Practice Your Pronunciation With Rocket Record
Rocket Record lets you perfect your Korean pronunciation. Just listen to the native speaker audio and then use the microphone icon to record yourself. Once you’re done, you’ll get a score out of 100 on your pronunciation and can listen to your own audio playback. (Use a headset mic for best results.) Problems? Click here!
Going to the market for groceries? Need to tell someone your age or phone number? Want to be sure you catch the right bus? It’s time to learn Korean numbers! There are so many reasons why you need to be able to count in Korean, and the Rocket Korean team is here to make it easier. Let’s start with the basics - by the end of this lesson you’ll feel confident using the Korean words for numbers 1-10. - 1 - 일 - eel
- 2 - 이 - ee
- 3 - 삼 - sam
- 4 - 사 - sa
- 5 - 오 - o
- 6 - 육 - yook
- 7 - 칠 - chil
- 8 - 팔 - pal
- 9 - 구 - goo
- 10 - 십 - ship
Did you know that the Korean number system uses two different sets of numbers? The “general number system” (eel, ee, sam, etc) is used for talking about sums of money, telephone numbers, etc. This one is straightforward to build up large numbers – you only need to know one to ten. Twenty is just “two-ten”, 30 is “three-ten”. To help you remember them faster, try to use these words as much as possible in your daily life – even if it’s just in your head!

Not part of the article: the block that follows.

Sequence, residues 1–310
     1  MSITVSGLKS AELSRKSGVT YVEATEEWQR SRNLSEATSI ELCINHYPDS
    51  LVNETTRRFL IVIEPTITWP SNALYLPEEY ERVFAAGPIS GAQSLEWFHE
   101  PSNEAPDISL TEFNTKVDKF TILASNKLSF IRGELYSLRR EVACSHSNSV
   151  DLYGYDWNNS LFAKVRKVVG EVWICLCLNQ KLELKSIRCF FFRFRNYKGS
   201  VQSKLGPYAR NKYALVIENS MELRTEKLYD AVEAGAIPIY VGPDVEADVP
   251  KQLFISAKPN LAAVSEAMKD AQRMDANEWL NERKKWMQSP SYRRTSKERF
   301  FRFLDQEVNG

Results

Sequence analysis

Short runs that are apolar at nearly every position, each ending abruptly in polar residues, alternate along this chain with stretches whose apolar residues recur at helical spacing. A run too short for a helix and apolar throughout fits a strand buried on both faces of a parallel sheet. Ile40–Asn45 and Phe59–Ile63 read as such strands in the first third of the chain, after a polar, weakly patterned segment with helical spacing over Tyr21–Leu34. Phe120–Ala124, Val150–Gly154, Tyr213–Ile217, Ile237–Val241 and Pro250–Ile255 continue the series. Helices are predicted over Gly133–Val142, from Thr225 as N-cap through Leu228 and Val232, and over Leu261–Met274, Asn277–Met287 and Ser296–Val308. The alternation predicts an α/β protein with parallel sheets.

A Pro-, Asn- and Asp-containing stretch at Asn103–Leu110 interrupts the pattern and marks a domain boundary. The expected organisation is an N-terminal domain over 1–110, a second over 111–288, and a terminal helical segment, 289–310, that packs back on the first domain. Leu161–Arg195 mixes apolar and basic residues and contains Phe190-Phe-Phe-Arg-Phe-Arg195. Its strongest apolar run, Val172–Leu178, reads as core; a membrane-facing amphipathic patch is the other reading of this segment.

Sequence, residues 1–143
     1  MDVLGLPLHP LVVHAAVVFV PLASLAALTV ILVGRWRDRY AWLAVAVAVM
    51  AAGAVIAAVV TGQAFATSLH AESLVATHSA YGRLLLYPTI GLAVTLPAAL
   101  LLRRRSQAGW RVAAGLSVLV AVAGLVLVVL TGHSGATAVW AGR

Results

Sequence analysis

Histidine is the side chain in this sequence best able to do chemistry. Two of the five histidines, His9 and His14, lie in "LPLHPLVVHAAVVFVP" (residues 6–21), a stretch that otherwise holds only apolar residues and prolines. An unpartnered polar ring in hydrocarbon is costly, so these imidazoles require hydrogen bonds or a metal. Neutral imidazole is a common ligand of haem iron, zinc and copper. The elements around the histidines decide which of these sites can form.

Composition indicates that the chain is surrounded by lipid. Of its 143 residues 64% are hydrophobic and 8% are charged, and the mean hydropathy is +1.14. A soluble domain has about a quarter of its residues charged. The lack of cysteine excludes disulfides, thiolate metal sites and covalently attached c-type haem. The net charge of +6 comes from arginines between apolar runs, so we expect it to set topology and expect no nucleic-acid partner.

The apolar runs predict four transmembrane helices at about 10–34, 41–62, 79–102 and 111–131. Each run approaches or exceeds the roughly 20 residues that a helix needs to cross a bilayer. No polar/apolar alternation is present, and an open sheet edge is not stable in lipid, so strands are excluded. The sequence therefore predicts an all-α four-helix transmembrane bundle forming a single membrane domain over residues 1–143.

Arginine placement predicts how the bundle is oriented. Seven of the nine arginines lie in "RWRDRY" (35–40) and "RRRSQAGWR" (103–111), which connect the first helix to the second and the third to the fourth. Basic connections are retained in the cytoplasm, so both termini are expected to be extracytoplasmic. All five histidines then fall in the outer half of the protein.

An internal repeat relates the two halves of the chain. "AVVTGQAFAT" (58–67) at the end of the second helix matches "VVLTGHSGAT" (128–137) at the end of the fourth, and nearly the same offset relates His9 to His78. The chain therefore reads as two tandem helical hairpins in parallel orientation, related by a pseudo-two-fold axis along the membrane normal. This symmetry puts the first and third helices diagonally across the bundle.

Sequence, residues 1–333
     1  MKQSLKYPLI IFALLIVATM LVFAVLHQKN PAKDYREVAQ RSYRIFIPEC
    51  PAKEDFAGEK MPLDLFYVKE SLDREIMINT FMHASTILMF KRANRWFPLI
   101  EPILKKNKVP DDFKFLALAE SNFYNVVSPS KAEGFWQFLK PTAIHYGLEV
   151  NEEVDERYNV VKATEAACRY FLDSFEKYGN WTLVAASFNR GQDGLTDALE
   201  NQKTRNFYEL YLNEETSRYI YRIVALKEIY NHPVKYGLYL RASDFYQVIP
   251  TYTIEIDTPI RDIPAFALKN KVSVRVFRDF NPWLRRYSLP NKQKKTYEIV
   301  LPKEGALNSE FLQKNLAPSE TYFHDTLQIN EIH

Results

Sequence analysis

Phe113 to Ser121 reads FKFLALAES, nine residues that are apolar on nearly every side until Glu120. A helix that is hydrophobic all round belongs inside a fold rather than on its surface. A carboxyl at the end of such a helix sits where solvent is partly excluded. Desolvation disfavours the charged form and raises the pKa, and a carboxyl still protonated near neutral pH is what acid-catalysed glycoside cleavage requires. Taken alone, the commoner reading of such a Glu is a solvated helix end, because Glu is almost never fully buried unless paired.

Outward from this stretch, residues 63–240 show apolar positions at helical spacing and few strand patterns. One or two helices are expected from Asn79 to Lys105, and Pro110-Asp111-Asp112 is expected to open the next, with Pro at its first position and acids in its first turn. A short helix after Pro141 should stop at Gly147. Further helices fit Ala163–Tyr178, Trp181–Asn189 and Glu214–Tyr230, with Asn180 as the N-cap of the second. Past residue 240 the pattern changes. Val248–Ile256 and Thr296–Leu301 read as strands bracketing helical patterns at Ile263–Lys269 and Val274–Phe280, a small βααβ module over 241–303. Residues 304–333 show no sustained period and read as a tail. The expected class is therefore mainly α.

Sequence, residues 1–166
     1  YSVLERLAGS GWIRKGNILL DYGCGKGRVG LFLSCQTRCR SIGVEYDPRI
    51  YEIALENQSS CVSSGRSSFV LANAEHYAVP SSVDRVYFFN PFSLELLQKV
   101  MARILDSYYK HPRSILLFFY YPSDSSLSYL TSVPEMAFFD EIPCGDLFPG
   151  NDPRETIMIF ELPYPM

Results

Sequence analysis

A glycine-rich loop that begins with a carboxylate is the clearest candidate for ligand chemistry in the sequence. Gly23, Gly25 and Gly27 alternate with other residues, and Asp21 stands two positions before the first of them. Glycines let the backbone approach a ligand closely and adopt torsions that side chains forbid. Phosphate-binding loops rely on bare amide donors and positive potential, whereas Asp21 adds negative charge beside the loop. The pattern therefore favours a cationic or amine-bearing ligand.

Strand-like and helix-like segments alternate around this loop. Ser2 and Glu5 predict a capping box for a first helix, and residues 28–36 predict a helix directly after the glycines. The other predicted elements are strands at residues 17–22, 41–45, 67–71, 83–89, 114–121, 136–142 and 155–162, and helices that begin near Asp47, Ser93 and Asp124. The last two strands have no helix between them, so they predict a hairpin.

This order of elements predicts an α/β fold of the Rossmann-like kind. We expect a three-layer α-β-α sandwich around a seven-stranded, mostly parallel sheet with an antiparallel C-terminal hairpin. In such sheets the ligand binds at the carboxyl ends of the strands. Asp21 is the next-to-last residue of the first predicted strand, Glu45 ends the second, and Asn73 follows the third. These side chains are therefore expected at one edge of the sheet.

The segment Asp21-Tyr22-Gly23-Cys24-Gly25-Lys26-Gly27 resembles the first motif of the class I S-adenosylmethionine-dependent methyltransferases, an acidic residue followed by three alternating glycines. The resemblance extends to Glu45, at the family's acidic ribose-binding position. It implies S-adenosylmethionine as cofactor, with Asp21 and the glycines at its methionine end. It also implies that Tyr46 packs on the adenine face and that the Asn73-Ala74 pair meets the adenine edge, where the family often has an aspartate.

How to pronounce Korean numbers
To say eleven, just combine “10” or seep and “1” or eel, and you have ship-eel. Twelve is ship-ee. Easy right? Can you say your telephone number now?
The other number system (hana, dool, set, etc) is for combining a number with an object-specific counter. These are the numbers you would use when counting a specific number of people, objects, or things.
- One - 하나 - hana
- Two - 둘 - dool
- Three - 셋 - set
- Four - 넷 - net
- Five - 다섯 - dasut
- Six - 여섯 - yusut
- Seven - 일곱 - eelgop
- Eight - 여덟 - yudulb
- Nine - 아홉 - ahop
- Ten - 열 - yul
Up until the number 19, the straightforward way of building up large numbers that you learned above for the “general number system” is used in this system as well. So “eleven” is “ten” or yul and “one” or hana, yul-hana. “Nineteen” is yul together with the number “nine” or ahop, yul-ahop.
That’s it for this lesson, well done!
Here are a few recommended Korean lessons to try next!
- Falling in love? Let's talk love in Korean.
- Describing where you're from. Let's talk about nationalities in Korean.
- At a Korean restaurant? Try ordering in Korean!
Anyoung hee gaseyo!
Sujung Lee Rocket Korean
Make It Stick With Rocket Reinforcement
Reinforce your learning from this lesson with the Rocket Reinforcement activities!